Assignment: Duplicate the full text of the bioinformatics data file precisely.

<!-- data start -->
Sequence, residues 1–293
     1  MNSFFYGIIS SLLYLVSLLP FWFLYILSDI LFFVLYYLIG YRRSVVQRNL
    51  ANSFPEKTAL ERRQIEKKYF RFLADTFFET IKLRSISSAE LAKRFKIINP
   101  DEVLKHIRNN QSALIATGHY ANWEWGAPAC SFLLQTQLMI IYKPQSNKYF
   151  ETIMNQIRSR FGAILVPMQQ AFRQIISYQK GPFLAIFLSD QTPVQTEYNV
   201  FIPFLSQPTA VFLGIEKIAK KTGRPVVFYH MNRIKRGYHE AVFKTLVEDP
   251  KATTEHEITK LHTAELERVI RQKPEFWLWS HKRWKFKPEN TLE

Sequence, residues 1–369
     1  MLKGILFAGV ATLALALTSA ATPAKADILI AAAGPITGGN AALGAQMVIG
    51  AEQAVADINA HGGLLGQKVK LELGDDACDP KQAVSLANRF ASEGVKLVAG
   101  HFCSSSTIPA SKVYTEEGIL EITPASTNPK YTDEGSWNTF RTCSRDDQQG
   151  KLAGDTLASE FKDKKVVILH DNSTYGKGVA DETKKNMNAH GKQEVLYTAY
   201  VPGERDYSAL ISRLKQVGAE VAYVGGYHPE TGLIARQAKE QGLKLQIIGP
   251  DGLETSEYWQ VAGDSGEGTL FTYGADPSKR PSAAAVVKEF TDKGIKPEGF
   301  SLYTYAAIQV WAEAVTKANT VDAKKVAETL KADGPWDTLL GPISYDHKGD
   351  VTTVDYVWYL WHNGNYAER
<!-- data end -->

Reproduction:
Sequence, residues 1–293
     1  MNSFFYGIIS SLLYLVSLLP FWFLYILSDI LFFVLYYLIG YRRSVVQRNL
    51  ANSFPEKTAL ERRQIEKKYF RFLADTFFET IKLRSISSAE LAKRFKIINP
   101  DEVLKHIRNN QSALIATGHY ANWEWGAPAC SFLLQTQLMI IYKPQSNKYF
   151  ETIMNQIRSR FGAILVPMQQ AFRQIISYQK GPFLAIFLSD QTPVQTEYNV
   201  FIPFLSQPTA VFLGIEKIAK KTGRPVVFYH MNRIKRGYHE AVFKTLVEDP
   251  KATTEHEITK LHTAELERVI RQKPEFWLWS HKRWKFKPEN TLE

Sequence, residues 1–369
     1  MLKGILFAGV ATLALALTSA ATPAKADILI AAAGPITGGN AALGAQMVIG
    51  AEQAVADINA HGGLLGQKVK LELGDDACDP KQAVSLANRF ASEGVKLVAG
   101  HFCSSSTIPA SKVYTEEGIL EITPASTNPK YTDEGSWNTF RTCSRDDQQG
   151  KLAGDTLASE FKDKKVVILH DNSTYGKGVA DETKKNMNAH GKQEVLYTAY
   201  VPGERDYSAL ISRLKQVGAE VAYVGGYHPE TGLIARQAKE QGLKLQIIGP
   251  DGLETSEYWQ VAGDSGEGTL FTYGADPSKR PSAAAVVKEF TDKGIKPEGF
   301  SLYTYAAIQV WAEAVTKANT VDAKKVAETL KADGPWDTLL GPISYDHKGD
   351  VTTVDYVWYL WHNGNYAER